Tom Hodgkinson was born in 1968. Since founding the Idler in 1993, he has been a frequent contributor to many newspapers and magazines and appears regularly on TV and radio to discuss 'idler' issues. This is his first book.
When your alarm clock jolts you awake in the morning, do you wish you could just lie in bed, read a book, sip a cup of tea and be idle all day? Hodgkinson, founder of the Idler magazine, does. And in this book he presents 24 essays defending life's idle pleasures, which are, he says, vilified by our modern society. He meditates on sleeping in, fishing, smoking and drinking, and even waxes poetic about the hangover. The whole book is soaked with nostalgia for the turn-of-the-century English gentleman's lifestyle; Hodgkinson defends his arguments by quoting Jerome K. Jerome, G.K. Chesterton and, of course, that icon of British foppery, Oscar Wilde. Although billed as tongue-in-cheek witticisms about the idle life, the book fails to maintain the comic tone. In his chapter on the evils of the 9-to-5 job ("wage slavery," as the author calls it), Hodgkinson cites Heinrich Himmler as a spokesperson for the defense of work, tacitly comparing shuffling papers in a cubicle for 40 hours a week to the horrors of Auschwitz. The book gives tantalizing anthropological insights into society's views on those lazy habits that the author so enjoys, but the viewpoint is so antiquated and condescending toward the poor slobs who must actually go to work every day that readers will often find themselves staring aghast at the page. B&w line illus. Agent, Cat Ledger. (May 15) Copyright 2005 Reed Business Information.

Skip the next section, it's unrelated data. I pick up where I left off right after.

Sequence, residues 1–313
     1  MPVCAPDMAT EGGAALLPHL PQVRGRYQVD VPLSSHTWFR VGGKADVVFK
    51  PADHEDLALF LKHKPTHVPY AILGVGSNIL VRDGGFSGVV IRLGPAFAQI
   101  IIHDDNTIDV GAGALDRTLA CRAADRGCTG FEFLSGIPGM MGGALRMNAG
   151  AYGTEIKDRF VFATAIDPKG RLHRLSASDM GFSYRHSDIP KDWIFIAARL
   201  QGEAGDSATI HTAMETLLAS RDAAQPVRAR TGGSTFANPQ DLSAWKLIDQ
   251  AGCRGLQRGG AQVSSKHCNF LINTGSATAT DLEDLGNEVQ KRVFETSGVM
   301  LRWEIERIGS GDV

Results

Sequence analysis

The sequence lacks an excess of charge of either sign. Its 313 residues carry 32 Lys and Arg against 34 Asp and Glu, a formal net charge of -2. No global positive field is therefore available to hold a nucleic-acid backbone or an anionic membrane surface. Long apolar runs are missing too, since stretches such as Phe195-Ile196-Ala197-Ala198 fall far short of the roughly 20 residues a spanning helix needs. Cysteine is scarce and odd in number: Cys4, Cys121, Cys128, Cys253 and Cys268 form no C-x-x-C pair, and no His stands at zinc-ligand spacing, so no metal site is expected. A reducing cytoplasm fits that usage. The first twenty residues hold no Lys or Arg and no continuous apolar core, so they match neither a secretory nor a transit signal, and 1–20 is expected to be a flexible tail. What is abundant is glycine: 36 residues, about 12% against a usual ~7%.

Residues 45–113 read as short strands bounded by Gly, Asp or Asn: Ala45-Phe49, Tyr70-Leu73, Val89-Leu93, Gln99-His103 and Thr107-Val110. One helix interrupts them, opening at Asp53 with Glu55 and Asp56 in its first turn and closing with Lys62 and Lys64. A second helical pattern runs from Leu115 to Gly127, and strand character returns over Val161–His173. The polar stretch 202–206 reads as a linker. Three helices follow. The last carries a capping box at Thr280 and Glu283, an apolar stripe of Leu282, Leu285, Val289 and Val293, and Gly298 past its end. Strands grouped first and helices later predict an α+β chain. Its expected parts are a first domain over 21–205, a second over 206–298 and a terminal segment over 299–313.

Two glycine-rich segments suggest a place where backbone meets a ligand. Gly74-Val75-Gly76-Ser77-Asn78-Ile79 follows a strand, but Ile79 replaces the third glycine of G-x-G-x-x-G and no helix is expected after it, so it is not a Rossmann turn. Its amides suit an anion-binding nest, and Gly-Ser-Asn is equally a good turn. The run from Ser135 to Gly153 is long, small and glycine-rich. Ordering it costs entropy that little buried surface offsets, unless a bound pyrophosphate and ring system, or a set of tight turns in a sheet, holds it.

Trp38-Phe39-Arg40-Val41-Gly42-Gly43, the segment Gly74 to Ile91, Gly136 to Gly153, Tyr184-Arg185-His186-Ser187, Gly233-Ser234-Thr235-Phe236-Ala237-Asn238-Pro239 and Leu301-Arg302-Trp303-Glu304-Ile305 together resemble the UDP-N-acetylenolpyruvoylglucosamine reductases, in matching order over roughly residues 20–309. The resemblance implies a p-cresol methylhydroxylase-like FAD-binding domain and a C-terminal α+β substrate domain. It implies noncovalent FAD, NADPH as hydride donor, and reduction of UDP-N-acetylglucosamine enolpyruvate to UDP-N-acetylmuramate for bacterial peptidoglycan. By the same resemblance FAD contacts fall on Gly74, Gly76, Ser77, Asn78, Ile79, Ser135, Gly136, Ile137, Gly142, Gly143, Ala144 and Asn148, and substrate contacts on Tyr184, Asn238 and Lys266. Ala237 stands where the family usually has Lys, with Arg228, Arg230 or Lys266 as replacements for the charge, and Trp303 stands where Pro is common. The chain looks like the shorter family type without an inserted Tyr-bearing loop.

In these stress-filled times of dashing from one meeting to another and often running behind, we should all give ourselves the gift of reading this debut by the founding editor of Idler magazine. Arguing that the modern work ethic enslaves us all and that joy and wisdom have been replaced by work and worry, Hodgkinson insists that we can create our own paradise by defending our right to be lazy. Quoting literature, poetry, and philosophy, he offers a humorous peek at the worth and wonders of slowing down. The chapters are cunningly arranged according to the hours of the day, illustrating that every minute offers opportunities for idleness. Hodgkinson revels in the pleasures of sleeping in, taking leisurely lunches, napping, and other such pursuits. Artfully combining British and American perspectives, this book promises to be just as big a hit here as it was in the United Kingdom. Recommended for most public libraries.-Wendy Lee, Marshall-Lyon Cty. Lib., MN Copyright 2005 Reed Business Information.